Willis Edmond “Bill” Williams, set sail for eternity at age 94 on December 16, from Hope Hospice, Fort Myers, Florida. The sun was bright, the breeze light and a newly bloomed Bird of Paradise waved him on. A private memorial service was held for him New Year’s Day.
Bill and his wife Sara (Kincaid) weathered 42 years together. Their two children are Colin (Natasha Mann) of Seattle and Winston, recently relocated to Orcas.
On Saturday, August 19, Bill’s family and friends will celebrate the life of an Orcas Island ‘character,’ a generous, tale-telling, larger-than-life personality. Drop in at the Williams’ home, 510 Cayou Valley Road, for bites, barbecue, and brew. Share your ‘Bill’ story from 4 to 8 p.m. For details, call 376-6655 or email Sara (firstname.lastname@example.org).
In 1962, Bill, newly arrived from California, acquired the moribund Buckhorn Lodge, platted lots and acreage on the North Shore. Bill loved to fish, hunt and cook. He turned the lodge into a rollicking establishment where guests could fish for their own dinner. Bill later developed the Raccoon Point and Cayou Valley subdivisions.
Bill was born September 28, 1922, in Terre Haute, Indiana, the only son of two only children, Willis E. Williams, Jr., born in 1900 and Helen Metzger, in 1901. Bill spent his early years in Yorkshire, England where his dad, a mechanical engineer, worked for a British firm.
The family returned to Indiana in 1929, unaware that the Great Depression had begun. Eventually, Bill’s dad packed him off to Culver Military Academy in northern Indiana when he decided his rambunctious son could stand a dose of discipline.
Bill discovered Cuba when his Culver roommate invited him home for a school holiday. He found himself in the mayor’s residence in the middle of Havana. Bill loved Cuba and later made small boat runs from the Florida Keys to Cuban ports, delivering American goods before the revolution.
As World War II broke out, Bill worked for Higgins Industries in New Orleans, Louisiana. A builder of flatboats for negotiating swamps and marshes, Higgins designed and built the landing craft for the Normandy Invasion. Bill enlisted in the military in 1943; after , he war he worked for the Tennessee Valley Authority.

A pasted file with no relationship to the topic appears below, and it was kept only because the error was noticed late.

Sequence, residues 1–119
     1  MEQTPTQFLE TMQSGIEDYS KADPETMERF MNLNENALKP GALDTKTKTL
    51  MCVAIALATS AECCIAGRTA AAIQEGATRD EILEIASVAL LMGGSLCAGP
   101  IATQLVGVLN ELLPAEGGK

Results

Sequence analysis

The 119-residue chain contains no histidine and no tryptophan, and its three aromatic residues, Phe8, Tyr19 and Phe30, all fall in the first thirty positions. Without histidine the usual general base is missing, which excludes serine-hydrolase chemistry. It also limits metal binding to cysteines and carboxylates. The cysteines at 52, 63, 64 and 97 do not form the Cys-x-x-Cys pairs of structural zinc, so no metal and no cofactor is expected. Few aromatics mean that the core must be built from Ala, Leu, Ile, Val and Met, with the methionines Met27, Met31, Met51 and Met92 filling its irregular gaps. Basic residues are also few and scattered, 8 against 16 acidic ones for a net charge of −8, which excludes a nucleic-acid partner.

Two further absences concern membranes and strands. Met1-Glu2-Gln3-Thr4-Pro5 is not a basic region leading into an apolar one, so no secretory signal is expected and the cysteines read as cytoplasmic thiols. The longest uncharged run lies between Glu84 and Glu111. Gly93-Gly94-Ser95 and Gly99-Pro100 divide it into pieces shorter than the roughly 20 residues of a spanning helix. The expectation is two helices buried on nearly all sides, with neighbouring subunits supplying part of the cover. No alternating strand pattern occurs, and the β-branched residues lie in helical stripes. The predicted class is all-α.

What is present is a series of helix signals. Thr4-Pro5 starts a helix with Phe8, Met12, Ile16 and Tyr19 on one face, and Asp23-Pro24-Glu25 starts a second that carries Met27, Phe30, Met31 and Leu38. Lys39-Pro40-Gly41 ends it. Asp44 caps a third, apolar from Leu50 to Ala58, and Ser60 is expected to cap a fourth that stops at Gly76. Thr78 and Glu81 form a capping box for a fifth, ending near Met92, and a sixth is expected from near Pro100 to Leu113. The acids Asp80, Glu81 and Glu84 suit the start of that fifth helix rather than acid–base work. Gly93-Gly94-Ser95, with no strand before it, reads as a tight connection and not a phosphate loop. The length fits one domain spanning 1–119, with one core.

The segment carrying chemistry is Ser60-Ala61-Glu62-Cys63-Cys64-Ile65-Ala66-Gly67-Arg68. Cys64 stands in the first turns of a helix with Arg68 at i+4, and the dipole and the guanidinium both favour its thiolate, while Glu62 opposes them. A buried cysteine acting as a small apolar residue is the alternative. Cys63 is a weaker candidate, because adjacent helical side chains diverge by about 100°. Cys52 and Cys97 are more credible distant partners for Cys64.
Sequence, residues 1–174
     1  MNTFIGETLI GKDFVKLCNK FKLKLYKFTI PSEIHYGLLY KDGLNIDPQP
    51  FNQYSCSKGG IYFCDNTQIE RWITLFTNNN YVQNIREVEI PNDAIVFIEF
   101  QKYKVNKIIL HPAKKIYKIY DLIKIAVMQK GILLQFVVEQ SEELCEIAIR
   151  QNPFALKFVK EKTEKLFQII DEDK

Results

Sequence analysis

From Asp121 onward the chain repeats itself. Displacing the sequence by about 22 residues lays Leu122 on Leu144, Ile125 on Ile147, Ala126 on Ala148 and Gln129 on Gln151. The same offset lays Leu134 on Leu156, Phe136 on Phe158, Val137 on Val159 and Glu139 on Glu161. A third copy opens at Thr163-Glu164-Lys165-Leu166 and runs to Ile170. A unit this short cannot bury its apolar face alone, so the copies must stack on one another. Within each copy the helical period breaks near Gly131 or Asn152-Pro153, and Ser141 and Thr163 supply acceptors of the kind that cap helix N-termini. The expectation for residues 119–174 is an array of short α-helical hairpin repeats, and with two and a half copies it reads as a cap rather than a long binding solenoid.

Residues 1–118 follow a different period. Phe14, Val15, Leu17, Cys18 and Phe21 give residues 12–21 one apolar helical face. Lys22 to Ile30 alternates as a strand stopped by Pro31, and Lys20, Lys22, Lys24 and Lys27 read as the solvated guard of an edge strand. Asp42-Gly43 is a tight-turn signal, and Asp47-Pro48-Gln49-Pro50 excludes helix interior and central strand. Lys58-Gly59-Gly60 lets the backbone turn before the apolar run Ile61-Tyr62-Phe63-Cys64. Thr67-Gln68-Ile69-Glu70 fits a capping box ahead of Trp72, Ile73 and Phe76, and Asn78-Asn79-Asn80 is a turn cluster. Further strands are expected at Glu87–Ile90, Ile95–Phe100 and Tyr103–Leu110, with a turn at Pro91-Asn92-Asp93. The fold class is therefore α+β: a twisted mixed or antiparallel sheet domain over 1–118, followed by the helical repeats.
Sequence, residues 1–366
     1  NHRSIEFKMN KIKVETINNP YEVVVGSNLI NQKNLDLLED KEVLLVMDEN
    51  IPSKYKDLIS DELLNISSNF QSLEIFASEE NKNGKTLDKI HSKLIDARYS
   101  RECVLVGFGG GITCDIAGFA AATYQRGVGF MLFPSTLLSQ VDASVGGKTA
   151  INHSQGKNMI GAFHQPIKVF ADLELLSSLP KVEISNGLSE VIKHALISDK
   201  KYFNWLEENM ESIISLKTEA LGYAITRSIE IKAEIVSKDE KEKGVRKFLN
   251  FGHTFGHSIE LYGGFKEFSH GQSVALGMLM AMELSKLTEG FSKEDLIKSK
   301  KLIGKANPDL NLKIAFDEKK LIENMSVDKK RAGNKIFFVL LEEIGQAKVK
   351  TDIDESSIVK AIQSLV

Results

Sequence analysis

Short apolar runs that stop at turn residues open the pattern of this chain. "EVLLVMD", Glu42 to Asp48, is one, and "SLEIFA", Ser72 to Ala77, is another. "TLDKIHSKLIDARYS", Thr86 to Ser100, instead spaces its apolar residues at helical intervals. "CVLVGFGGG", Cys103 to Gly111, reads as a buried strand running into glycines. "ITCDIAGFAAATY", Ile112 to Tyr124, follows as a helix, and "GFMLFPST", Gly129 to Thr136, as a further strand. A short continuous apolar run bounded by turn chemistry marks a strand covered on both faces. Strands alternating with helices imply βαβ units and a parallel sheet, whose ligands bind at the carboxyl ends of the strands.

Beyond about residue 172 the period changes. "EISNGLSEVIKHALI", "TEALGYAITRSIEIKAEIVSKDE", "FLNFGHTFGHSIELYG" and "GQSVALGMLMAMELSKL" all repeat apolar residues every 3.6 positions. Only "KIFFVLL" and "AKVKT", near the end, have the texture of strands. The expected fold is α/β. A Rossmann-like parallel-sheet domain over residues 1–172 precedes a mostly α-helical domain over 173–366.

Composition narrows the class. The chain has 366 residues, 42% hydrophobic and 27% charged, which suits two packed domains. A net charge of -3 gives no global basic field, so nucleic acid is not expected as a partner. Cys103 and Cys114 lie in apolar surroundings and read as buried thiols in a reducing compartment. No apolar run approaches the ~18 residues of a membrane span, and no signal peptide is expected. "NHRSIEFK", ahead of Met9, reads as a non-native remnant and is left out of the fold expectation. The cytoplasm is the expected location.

Bill loved the challenge of starting new businesses. When home air conditioners were developed, he sold them by the carload from a rail siding in Houston, TX. He owned a cattle ranch in the rugged Tres Piedras country of New Mexico and lost it to a drought. He built houses in California.
By 1974, weary of real estate projects, Bill introduced himself to Sara at a convention at the Rosario Resort where he was a guest of honor and she was a P.R. director. “Are you ready to go sailing around the world?” he said. “Why not?” she said.
In 1976, the pair set sail from Friday Harbor on a Friday, the Ides of March, in a heavily provisioned saucer of a ketch. As it happened, the couple sailed into one of the worst Pacific storms on record. They survived the crossing but lost the crippled vessel on a reef as they approached the Island of Maui. Their ten-day stay became a six-year love affair with Maui, where their sons Colin and Winston were born. Bill founded a ceiling fan business and Sara became a real estate broker.
In the middle 80s, the family moved to Fort Myers so that the boys would get to know their grandparents. Bill relocated his business and Sara became a columnist/staff writer for the News-Press.
From their Florida base, Bill and his Mexican sailing buddy Xavier Petron set off with the two boys on an Albin sloop, the Poco Loco, bound for Central America via the Florida Keys, the Yucatan Peninsula, Honduras, Belize and the Rio Dulce River in Guatemala.
Bill’s restless nature left him always in need of a project. His beloved Orcas called him home once again when the property in Cayou Valley became available. The family returned to Orcas full-time in 1996 where Bill established their permanent home.
Bill’s extended family includes Jim Stearman (Nance), of Austin, Texas; Willis Williams, Jr., (Laura) of Negril, Jamaica; Christine Shaw and Jim Winslow of Woodstock, New Hampshire, and John Hendricks of Olympia, Washington, son of one of Bill’s best friends. John adopted Bill as an ‘alter-dad,’ at age 11.
Bill’s grandchildren are: Elizabeth Williams of Los Angeles, California, U.S. Coast Guard Ensign Luke Lopez, Morgan City, Louisiana, and Wyatt Mann Williams, age 1, of Seattle, whose contagious smile brightened the final days of his grandfather’s life.